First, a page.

But Stecker says they're willing to talk to any company about how to set up health care systems, explaining, for example, that it can take months to get drugs from port-of-entry through customs and then overland to a hospital or clinic in the hinterlands.

The $7 billion represents the value of the contract, with payment contingent upon performance — how many orders for drugs there are and how many ultimately are delivered between now and 2008, according to the state department, which oversees the President's AIDS plan.

Steven Morrison, the director of Africa programs for the Center for Strategic International Studies is not surprised that defense companies are interested. "They are companies that are there to make a profit. And they can diversify their portfolio and move into another field, in terms of reputational benefits," he says. "If they perform well, there is the promise that this will expand."

An official from one of the companies that didn't want to be identified insisted that many of the people who work for them are former U.S. military personnel, and that they're primarily motivated by public spiritedness, not profit.

But public health experts who've worked for decades in AIDS domestically and internationally are troubled by the prospect of working with defense contractors. Jean Maguire of Northeastern University says the logistics of setting up complete health systems to distribute drugs to millions is terribly complicated. But there's a catch, she says.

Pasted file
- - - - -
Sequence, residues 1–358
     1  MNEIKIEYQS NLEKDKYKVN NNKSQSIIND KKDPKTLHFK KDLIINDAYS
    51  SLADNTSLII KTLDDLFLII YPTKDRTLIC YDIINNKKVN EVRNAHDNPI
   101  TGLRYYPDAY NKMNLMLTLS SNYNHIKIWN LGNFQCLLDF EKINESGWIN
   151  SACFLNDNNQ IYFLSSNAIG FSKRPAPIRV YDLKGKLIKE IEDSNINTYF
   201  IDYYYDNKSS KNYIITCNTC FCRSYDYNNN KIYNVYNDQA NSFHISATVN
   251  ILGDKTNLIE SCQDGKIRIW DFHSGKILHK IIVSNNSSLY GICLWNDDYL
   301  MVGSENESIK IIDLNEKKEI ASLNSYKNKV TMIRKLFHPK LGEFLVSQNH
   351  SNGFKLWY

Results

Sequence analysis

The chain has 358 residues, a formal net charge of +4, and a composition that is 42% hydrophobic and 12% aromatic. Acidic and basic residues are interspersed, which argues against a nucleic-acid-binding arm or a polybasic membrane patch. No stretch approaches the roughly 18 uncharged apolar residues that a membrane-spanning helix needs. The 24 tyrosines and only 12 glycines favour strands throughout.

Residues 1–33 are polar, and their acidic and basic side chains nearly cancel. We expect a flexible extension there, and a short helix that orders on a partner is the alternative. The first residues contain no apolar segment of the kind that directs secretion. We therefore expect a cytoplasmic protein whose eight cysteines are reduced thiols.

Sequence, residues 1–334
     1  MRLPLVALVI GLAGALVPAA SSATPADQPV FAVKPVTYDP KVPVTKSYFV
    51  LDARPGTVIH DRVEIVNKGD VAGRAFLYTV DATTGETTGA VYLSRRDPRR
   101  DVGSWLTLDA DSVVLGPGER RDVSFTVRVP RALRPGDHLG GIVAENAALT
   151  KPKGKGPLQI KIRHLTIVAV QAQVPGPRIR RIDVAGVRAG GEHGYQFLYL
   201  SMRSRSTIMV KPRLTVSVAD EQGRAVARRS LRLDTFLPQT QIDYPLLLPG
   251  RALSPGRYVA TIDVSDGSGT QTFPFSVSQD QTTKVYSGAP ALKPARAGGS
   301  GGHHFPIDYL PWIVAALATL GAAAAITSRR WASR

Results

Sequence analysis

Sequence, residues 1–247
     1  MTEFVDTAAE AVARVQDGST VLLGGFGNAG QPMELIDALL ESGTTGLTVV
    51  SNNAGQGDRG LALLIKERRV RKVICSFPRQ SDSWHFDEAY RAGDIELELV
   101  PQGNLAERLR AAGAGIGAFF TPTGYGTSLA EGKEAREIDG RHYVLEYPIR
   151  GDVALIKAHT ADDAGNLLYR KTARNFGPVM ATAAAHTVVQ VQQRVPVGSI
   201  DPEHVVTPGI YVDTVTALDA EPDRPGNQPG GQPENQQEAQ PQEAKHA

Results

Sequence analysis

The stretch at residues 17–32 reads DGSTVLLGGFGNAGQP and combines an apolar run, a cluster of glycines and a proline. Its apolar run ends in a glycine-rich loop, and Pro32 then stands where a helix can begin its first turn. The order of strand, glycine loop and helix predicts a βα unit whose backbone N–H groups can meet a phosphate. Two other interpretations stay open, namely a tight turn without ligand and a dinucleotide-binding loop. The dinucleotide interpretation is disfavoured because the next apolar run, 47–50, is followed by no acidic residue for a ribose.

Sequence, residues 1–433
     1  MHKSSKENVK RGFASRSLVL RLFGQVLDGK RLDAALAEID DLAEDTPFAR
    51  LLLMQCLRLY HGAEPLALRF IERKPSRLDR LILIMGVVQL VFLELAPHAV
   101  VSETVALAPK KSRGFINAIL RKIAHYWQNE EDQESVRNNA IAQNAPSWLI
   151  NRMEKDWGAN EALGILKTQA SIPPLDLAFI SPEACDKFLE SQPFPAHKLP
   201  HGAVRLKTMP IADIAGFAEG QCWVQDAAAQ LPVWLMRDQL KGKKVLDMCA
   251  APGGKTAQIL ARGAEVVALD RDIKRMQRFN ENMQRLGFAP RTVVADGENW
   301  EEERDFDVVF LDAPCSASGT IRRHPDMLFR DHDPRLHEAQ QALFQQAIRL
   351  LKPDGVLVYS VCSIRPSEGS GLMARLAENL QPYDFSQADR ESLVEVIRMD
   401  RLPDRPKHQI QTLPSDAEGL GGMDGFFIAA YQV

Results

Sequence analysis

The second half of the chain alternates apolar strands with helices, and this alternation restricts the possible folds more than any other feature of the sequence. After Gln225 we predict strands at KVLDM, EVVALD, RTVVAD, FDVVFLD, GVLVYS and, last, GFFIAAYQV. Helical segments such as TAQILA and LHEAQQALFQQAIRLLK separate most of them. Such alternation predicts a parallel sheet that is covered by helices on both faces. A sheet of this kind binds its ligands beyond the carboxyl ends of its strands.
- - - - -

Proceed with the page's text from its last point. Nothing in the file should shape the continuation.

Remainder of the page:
"What does it mean for us to be investing this level of resources in the defense industry entities to achieve our international AIDS efforts, and how close are we moving to have this become the Halliburton of AIDS relief?"

Maguire says the president's plan shows the price of going it alone — and not working with multilateral groups already present in these countries. Groups like the World Health Organization and the Global Fund to Fight AIDS, Tuberculosis and Malaria. The fear, she says, is that there will be parallel systems with duplication and waste.

"There is an absence of where are our partners in this," she says. "Are we potentially going it alone because of our own interest, not just in the projects and contracts that we already have in the various countries, but because of the interest in the suppliers and pharmaceuticals based here."

There's also concern in the public health community about the image that might be created if health workers in villages, towns and cities in Africa become associated with American military interests, especially at a time when the U.S. is involved in a war in Iraq, which does not have popular support in most of these countries.

Safety could become an issue. Trust could also be compromised, and trust is a central element of the relationship between doctors, nurses and their patients. If patients fear that health workers are part of the American military industry, they may shun treatment altogether and the goals of treating millions of people could be thwarted, Maguire and others fear.

At the moment, the state department is silent on the great scramble to line up the best team to win the $7 billion contract. "We don't know which companies are competing," maintains Dr. Mark Dyble, assistant to the U.S. Global AIDS Coordinator at the state department. "We don't have any objections to whoever can get the job done."

The final version of request for proposals on how companies would execute the contract is expected to be issued next week, Dyble said.